During Memorial Day Weekend, my family and I drove up to New Jersey to see family.
Many, including myself, did not realize that there is much difference between the way Americans live in our own country.
I noticed three main differences in the way people live in New Jersey from a North Carolinian perspective.
You Cannot Pump Your Gas in New Jersey
This law is the first difference my family and I noticed coming into New Jersey.
We just entered the state, and my dad drove to a gas station. When he got out of the car to pump the gas, an attendant told my father he could not do that, and it is against the law.
My father did not believe him until my sister went to Google and found that it is a state law in New Jersey that you cannot pump your gas.
New Jersey is the only state with this law, created in 1949, citing the fire hazard of pumping gas. Oregon had the law as well, but lifted some restrictions on gas pumping in 2020 due to the COVID-19 pandemic.
After that, I kept searching the streets of New Jersey to find someone who pumped their gas because I could not believe the law. I did not see anyone pumping their gas.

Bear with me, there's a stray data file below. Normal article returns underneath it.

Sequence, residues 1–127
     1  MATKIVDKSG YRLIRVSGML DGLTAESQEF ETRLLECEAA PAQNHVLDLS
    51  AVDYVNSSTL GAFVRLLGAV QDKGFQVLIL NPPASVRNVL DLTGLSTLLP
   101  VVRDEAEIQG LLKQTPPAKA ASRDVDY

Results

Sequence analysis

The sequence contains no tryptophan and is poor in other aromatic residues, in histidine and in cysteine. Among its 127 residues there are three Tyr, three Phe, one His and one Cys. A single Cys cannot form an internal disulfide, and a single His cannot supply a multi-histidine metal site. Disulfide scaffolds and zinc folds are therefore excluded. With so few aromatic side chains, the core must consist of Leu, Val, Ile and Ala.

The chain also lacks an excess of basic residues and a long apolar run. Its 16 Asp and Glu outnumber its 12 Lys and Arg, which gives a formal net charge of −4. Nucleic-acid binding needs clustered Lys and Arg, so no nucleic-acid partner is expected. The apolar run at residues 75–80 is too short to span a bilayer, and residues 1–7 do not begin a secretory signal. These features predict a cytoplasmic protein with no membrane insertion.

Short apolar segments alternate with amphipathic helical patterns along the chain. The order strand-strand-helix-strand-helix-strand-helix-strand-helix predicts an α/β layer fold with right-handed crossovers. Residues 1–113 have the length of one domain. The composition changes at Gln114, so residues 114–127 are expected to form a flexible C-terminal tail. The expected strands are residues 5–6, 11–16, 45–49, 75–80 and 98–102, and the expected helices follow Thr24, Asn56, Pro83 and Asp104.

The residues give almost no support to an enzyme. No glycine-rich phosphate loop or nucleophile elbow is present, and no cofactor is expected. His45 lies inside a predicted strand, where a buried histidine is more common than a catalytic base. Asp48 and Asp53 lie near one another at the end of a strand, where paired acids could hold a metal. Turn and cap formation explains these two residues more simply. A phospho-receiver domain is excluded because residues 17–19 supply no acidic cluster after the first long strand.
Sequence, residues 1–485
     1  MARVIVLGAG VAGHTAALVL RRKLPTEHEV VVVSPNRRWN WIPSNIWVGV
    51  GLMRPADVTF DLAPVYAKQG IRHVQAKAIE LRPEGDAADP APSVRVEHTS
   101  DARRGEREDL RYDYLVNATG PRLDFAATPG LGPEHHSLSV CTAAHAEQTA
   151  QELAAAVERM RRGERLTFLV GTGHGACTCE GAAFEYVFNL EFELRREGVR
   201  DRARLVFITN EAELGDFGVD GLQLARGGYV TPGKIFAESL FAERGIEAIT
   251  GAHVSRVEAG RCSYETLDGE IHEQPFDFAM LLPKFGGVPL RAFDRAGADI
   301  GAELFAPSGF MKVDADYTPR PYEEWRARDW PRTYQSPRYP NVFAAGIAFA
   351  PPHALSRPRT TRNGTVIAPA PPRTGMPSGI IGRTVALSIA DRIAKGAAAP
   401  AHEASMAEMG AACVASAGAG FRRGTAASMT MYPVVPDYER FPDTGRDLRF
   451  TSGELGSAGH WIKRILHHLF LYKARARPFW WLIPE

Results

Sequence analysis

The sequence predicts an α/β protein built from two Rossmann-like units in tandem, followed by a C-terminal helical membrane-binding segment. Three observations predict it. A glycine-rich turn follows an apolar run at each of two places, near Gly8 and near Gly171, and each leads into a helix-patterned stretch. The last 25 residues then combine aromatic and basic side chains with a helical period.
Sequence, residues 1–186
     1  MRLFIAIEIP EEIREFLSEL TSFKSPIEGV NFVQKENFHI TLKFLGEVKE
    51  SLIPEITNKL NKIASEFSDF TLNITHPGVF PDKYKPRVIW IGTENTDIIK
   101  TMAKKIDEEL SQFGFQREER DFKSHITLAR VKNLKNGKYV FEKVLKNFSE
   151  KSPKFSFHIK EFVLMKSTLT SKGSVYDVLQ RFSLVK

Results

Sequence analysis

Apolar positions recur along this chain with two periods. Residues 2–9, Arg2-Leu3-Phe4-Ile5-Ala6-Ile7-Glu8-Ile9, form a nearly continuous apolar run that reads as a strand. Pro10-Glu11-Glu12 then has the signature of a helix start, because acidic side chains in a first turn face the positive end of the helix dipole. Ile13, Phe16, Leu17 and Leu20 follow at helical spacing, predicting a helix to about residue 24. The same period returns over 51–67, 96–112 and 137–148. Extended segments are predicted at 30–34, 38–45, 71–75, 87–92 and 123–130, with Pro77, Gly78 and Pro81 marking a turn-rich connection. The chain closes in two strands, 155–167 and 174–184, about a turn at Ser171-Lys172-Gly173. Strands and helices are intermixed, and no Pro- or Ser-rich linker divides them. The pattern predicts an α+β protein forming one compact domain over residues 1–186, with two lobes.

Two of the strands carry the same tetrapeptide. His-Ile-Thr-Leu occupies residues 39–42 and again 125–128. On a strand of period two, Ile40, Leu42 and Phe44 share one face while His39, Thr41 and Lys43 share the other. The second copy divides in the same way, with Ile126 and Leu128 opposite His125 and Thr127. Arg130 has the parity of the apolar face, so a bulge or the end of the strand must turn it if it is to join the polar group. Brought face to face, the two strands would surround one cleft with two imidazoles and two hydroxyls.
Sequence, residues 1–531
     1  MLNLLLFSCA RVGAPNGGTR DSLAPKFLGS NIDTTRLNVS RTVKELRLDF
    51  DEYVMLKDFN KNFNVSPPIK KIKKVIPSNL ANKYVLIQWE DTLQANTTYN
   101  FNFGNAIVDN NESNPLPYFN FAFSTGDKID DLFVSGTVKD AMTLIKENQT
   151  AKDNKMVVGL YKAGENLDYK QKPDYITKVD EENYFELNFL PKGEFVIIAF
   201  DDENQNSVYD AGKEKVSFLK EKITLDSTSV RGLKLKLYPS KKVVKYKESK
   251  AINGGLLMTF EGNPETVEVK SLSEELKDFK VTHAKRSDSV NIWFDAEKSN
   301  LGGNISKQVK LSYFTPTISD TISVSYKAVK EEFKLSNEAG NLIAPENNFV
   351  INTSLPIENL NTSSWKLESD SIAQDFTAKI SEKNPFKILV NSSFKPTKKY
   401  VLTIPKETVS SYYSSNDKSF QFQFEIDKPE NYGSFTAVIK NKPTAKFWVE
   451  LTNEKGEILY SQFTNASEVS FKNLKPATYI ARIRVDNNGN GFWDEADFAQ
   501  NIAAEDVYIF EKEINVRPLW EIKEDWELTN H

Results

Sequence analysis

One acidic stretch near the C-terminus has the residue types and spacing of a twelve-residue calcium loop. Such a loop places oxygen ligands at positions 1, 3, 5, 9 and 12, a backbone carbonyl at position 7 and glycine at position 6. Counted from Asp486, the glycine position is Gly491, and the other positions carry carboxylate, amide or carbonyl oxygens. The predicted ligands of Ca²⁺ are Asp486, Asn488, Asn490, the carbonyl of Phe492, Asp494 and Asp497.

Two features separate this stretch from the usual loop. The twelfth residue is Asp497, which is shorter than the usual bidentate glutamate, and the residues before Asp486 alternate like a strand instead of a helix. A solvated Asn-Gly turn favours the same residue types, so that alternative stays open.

The Prices for Food are Expensive
The first restaurant we went to in New Jersey was Harold’s Deli Restaurant listed above. My family already knew that prices in the north are different from prices in the south, but I did not.
The sandwich above is a Harold’s Hero sandwich and the restaurant recommends two customers share the sandwich. The sandwich itself is $30, which sounds logical for two people. But, as you order more off the menu, it can become very pricy.
When my family and I went out to dinner our last night in New Jersey, we went to a seafood restaurant on the beach. My family from North Carolina already knew that the prices in the north tend to be more expensive than in the south, so we wanted a place my New Jersey family found moderate.
When we looked at the restaurant menu, many of the entrees were $35 or over. Most people in the south do not consider that a moderately priced restaurant. But that is my family from New Jersey’s perception of moderately priced.
The Housing Prices are much higher than the South
One day, we were all riding through New Jersey neighborhoods and pondering the prices of the houses. My cousins responded with fascinating values.
This may be because New Jersey is the 10th most expensive state to reside in. Many other states in the north and northeast occupy the list as well.
Having the chance to see the differences between what a moderate restaurant is or moderate housing price is a fascinating part of the country to witness.